Did you know that one teaspoon of ocean water can contain over a million living creatures called plankton? These microscopic plants (phytoplankton) and animals (zooplankton) drift with the ocean’s currents and play a fundamental role in many ocean systems. Plankton are tiny yet vital organisms.
Phytoplankton form the base of the ocean food web. Small marine creatures like zooplankton, crustaceans, and small fish eat phytoplankton and are in turn consumed by whales, squid, and larger fish, which become food for top ocean predators like sharks.
Phytoplankton concentration is influenced by several factors, including light availability, temperature, and nutrients.
Phytoplankton produce their own nourishment using the energy of the sun in a process called photosynthesis. During photosynthesis, phytoplankton release oxygen into the water as a byproduct. Scientists estimate that about 50% of the world’s oxygen is produced via phytoplankton photosynthesis.
Phytoplankton are also responsible for most of the transfer of carbon dioxide from the atmosphere to the ocean. During photosynthesis, they consume carbon dioxide and later release it through respiration or as biomass when they die and sink to the bottom of the ocean.
Why Monitor Plankton?
Channelkeeper conducts plankton tows to help monitor algal blooms in the Santa Barbara Channel. When environmental conditions in ocean water change, sometimes caused by an overabundance of nutrients such as nitrogen or phosphorus from fertilizer runoff, sewage treatment plants, and other land-based sources, phytoplankton populations can grow rapidly. This is called a “bloom.” Some blooms only result in a change of the water’s color (like the coccolithophore bloom that made the ocean look milky blue in Santa Barbara a few years ago), while others can be harmful, depleting oxygen in the water, blocking sunlight, or secreting toxins. Harmful algae blooms, some of which are known as red tides due to their reddish-brown color, can sicken and kill marine wildlife and negatively affect humans who are exposed to them.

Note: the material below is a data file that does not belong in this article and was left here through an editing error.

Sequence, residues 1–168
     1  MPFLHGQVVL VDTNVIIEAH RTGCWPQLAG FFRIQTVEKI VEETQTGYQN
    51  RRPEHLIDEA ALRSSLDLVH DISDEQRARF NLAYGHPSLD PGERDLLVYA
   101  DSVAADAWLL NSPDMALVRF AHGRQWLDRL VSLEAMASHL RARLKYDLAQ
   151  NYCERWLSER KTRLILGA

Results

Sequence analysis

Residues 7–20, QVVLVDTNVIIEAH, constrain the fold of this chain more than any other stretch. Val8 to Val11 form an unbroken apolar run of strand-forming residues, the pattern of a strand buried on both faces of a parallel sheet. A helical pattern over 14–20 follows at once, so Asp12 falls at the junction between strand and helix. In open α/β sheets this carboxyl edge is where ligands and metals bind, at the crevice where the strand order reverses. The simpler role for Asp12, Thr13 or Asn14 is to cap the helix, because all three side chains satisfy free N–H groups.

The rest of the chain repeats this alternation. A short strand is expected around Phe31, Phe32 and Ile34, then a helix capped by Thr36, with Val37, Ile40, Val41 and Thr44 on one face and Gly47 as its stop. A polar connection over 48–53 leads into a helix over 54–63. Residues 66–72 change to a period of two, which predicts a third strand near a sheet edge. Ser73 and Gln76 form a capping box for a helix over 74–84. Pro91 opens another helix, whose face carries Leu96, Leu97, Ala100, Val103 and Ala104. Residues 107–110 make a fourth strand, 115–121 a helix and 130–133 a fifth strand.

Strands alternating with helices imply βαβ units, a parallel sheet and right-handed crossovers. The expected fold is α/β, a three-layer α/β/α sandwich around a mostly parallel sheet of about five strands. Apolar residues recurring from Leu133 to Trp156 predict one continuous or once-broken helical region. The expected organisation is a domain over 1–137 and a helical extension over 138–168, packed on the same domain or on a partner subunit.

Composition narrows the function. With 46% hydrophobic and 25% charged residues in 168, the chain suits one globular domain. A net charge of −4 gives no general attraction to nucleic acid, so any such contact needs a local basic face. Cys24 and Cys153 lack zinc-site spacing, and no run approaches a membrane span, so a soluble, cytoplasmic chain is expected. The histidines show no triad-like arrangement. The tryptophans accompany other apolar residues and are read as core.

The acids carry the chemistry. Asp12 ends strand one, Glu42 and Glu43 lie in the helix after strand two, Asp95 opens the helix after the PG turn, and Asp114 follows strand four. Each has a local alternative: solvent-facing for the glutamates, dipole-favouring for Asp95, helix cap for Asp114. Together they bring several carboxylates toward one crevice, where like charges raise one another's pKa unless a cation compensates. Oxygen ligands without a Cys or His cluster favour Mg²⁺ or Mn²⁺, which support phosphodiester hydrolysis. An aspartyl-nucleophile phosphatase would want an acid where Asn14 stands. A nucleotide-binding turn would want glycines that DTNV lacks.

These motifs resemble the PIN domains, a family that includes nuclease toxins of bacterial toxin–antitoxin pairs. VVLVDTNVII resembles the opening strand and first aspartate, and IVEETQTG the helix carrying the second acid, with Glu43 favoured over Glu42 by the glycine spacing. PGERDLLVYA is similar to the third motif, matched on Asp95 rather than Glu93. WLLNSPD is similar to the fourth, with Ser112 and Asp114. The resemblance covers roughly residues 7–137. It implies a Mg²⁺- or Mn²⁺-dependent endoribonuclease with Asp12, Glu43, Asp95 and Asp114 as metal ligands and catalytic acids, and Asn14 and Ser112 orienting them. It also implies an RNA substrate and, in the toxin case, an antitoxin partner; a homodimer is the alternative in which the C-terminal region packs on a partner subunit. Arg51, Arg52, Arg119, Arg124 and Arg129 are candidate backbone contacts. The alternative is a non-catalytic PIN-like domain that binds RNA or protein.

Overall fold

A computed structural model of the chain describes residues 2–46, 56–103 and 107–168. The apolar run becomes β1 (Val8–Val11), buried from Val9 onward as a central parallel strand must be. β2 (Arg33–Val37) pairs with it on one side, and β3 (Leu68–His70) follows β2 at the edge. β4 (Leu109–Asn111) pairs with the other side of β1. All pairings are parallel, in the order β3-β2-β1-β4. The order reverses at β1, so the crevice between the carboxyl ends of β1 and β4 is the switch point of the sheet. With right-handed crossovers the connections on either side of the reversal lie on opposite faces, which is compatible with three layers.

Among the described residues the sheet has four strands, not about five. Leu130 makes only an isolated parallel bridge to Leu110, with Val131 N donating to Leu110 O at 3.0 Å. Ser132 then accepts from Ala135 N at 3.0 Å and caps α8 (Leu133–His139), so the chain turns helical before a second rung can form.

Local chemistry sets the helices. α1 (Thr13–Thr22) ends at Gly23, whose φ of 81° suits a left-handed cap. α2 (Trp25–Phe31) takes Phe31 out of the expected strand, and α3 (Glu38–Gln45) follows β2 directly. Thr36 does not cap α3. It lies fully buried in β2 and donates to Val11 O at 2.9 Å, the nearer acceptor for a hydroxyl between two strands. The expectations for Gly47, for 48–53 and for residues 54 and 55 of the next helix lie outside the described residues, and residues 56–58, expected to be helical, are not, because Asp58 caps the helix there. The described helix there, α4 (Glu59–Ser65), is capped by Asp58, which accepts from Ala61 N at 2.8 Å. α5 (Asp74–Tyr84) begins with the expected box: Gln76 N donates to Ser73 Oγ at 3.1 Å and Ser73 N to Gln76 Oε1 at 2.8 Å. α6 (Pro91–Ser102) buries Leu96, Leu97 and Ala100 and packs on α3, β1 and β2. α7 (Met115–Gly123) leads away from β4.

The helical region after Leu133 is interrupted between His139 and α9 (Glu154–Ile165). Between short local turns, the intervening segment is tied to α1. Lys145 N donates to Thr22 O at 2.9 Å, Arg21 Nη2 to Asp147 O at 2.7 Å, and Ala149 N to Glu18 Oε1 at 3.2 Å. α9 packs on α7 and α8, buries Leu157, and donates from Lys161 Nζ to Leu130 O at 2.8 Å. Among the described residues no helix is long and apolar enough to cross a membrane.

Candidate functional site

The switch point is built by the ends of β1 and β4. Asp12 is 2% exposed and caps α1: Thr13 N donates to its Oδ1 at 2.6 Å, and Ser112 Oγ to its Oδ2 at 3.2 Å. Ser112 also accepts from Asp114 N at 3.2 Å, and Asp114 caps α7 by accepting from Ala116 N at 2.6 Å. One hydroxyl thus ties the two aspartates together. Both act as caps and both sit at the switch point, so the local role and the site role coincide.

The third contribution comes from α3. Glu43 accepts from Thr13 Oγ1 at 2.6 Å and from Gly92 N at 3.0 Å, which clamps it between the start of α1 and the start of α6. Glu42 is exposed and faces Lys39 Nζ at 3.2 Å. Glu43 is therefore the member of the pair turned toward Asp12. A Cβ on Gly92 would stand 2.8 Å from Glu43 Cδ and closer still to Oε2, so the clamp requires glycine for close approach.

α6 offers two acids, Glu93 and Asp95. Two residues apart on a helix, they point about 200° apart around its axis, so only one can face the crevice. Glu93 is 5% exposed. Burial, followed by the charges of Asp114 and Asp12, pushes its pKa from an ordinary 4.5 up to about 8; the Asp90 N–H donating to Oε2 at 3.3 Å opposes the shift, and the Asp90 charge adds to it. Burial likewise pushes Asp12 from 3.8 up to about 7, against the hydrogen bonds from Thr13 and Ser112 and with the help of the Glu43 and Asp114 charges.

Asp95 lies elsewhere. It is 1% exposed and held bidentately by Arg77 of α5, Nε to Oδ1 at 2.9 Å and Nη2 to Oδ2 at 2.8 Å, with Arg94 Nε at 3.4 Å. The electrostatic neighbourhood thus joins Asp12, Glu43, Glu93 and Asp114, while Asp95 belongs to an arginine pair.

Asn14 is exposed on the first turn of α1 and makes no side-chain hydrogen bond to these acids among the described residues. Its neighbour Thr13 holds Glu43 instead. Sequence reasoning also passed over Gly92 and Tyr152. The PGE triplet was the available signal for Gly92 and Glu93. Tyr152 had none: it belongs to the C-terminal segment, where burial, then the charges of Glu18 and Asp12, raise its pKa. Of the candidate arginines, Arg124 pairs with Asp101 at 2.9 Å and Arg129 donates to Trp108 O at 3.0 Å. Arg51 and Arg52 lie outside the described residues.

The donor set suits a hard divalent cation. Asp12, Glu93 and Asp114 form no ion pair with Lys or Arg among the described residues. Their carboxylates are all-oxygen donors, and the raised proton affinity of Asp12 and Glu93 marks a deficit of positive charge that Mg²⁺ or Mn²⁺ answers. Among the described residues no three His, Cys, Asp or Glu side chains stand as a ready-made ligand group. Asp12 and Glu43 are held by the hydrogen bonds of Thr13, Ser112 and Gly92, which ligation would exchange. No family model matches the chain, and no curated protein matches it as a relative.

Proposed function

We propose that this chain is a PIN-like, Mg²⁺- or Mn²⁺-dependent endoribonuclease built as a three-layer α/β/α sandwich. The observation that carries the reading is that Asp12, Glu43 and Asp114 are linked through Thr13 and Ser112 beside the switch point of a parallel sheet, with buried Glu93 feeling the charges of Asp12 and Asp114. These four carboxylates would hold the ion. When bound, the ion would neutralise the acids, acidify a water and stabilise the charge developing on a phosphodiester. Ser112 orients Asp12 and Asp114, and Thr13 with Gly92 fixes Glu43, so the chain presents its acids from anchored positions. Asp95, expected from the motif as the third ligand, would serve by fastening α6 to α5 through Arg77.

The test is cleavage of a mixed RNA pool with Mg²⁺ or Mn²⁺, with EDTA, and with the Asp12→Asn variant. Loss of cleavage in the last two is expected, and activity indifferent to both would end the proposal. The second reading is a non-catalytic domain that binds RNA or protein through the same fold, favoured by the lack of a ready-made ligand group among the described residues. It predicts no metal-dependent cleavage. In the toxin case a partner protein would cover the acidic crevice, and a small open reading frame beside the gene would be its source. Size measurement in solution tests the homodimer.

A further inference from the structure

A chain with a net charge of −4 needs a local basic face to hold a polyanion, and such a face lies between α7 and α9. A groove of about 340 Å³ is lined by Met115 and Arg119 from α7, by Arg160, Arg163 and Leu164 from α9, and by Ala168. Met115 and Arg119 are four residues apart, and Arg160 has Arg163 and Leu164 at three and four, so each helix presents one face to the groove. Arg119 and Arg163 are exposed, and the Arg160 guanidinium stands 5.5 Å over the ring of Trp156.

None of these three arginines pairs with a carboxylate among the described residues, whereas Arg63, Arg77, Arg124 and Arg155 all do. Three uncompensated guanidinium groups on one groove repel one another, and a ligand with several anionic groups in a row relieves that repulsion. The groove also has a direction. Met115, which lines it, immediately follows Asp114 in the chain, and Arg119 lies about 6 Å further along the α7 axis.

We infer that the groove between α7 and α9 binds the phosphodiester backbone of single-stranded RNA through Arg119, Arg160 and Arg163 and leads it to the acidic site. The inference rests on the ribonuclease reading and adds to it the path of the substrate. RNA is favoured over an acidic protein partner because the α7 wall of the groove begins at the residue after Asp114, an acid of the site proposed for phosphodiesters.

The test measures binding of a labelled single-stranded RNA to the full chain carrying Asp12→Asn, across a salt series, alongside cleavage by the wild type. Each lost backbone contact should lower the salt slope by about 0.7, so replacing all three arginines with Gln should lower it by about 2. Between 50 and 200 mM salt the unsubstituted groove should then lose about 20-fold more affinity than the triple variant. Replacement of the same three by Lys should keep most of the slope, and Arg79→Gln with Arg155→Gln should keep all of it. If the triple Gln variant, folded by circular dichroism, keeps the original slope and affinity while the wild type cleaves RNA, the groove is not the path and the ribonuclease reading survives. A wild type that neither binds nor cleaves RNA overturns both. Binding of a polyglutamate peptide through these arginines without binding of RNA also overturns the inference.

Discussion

While out on our boat conducting MPA Watch surveys, our team collects samples which we send to the California Department of Health. We do this in an effort to better understand harmful algae blooms and to protect both people and wildlife from their effects.
Tiny Creatures Provide Big Insight
Monitoring plankton populations is also key to assessing the health of the marine environment. Around the world, plankton are used as indicators of the health of water due to their short life span and sensitivity to both short-term and long-term environmental changes. Studying plankton helps scientists understand many things about the ocean, such as changes in fish populations, pollution, and climate. Learning about these tiny yet vital creatures can help us better understand important ocean systems and more effectively protect wildlife and the environment.
A Snapshot of the Planktonic Community
A plankton tow is a way to collect a sample of marine microorganisms. This snapshot of the planktonic community reveals what plankton populations are flourishing, any imbalances, and can provide clues about water quality.